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Missouri River Navigation: Finding Common Ground

March 1, 2013

The following story was written by a University of Missouri student as part of the 2012 Sonja Hillgren/Farm Journal Ag Journalism Field Reporting Institute. Learn more.

By Darren Orf

On a grassy slope outside Mound City, Mo., scientists and journalists stand on common ground and stare over an expanse of the Missouri River flood plain. Robert Jacobson, a hydrologist with the U.S. Geological Survey, sweeps his hand across the landscape and describes the prehistoric journey of water and sediment from glaciers that formed the river below.

Jacobson Forbes (2)

Robert Jacobson, chief research hydrologist with the U.S. Geological Survey River Studies Branch
in Columbia, Mo.

Jacobson’s words create an image, as if the sun’s revolution races in reverse to an era when the unbridled Missouri stretched a mile wide.

Today, the scene is no longer so idyllic. The river is much narrower — channelized and confined by controlled banks lined with a long string of cottonwoods. River management is a hotbed of politics and frustration. One area of contention: nature vs. navigation.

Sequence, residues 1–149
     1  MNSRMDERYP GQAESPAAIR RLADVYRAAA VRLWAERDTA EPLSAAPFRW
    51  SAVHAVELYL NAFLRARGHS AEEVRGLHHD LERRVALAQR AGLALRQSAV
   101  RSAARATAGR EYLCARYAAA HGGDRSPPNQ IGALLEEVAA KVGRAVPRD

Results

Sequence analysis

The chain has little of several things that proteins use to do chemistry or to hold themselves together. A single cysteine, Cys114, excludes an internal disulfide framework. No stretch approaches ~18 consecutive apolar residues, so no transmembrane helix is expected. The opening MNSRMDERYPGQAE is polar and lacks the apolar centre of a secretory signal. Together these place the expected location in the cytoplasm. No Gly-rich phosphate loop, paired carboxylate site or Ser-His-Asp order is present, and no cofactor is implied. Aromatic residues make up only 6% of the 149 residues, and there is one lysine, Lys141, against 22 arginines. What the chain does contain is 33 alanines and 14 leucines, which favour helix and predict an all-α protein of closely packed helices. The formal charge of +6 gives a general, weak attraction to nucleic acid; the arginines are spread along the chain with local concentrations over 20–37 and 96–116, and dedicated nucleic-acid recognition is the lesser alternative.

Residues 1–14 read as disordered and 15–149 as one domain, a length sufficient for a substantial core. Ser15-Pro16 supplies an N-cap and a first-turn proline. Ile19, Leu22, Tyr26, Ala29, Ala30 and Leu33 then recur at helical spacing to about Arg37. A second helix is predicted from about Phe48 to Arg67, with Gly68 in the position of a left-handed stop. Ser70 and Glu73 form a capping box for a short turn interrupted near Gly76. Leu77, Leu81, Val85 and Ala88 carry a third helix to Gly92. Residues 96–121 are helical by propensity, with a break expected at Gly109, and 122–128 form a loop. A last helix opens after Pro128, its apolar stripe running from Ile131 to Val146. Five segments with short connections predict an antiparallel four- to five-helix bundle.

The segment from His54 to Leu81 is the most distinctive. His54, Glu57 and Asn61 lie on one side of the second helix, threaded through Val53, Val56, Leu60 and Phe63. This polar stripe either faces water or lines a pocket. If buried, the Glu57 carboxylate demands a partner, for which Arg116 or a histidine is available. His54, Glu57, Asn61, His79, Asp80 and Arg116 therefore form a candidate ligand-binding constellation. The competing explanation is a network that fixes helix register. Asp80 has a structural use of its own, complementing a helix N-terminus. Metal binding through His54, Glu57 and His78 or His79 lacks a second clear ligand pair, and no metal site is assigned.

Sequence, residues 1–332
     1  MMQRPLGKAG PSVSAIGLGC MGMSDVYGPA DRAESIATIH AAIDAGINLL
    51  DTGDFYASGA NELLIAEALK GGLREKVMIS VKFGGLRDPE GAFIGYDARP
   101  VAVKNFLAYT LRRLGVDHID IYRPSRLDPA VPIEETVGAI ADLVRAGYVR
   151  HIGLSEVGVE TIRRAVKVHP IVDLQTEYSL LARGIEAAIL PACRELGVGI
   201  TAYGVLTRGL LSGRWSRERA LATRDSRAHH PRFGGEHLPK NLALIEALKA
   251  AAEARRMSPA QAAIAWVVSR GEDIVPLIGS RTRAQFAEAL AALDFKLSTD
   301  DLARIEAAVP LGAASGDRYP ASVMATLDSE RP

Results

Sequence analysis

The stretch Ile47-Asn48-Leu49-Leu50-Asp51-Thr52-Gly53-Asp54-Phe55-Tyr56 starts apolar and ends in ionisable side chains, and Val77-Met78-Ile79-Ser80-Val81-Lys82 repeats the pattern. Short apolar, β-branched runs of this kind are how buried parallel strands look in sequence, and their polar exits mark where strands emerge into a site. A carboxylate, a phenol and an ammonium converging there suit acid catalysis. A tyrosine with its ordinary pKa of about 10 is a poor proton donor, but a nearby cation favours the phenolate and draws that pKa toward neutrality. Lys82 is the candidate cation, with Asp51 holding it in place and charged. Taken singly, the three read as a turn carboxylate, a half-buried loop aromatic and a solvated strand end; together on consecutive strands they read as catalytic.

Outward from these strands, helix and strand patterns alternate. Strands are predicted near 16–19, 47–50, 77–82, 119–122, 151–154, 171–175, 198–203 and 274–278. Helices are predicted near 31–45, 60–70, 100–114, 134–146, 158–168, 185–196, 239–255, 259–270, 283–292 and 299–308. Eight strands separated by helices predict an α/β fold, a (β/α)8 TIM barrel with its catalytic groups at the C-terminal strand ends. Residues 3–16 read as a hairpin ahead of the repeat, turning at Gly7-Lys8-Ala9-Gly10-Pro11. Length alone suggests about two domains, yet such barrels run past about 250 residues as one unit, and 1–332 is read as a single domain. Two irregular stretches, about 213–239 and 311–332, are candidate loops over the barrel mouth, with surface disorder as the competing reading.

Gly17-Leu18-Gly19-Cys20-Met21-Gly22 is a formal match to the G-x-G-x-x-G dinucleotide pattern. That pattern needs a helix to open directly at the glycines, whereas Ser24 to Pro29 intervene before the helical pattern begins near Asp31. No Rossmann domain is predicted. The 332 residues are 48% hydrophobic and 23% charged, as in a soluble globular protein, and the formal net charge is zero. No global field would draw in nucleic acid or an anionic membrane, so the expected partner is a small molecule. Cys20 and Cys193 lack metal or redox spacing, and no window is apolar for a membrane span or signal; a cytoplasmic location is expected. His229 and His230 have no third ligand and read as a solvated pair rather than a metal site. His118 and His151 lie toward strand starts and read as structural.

Toting sand, gravel or commercial products, barge traffic appears to be suffering from declining interest and unreliable channels. Navigation’s apparently weakening viability creates an uncertain future of Missouri River management.

"You have to filter out the fiction and the myth," says Jud Kneuvean, chief of the Emergency Management Branch of the Army Corps of Engineers Kansas City District. "It’s a very divisive issue within the basin."

Kneuvean Bruer

Jud Kneuvean, chief of the Emergency Management Branch of
the Army Corps of Engineers Kansas City District. Photo: Amy Bruer

In 1804, Meriwether Lewis and William Clark illustrated a river with meandering channels, numerous sandbars and brush stretching for miles.

The basin changed dramatically in the 20th century. The Army Corps of Engineers reshaped the river for commercial navigation. The 735-mile stretch between Sioux City, Iowa, and St. Louis became a nine-foot-deep, 300-foot-wide channel.

Navigation reached its economic peak in 1977. By 2011, barges only transported an estimated tonnage value of $300 million, which is about one-fourth of the 1977 value, according to the Corps.

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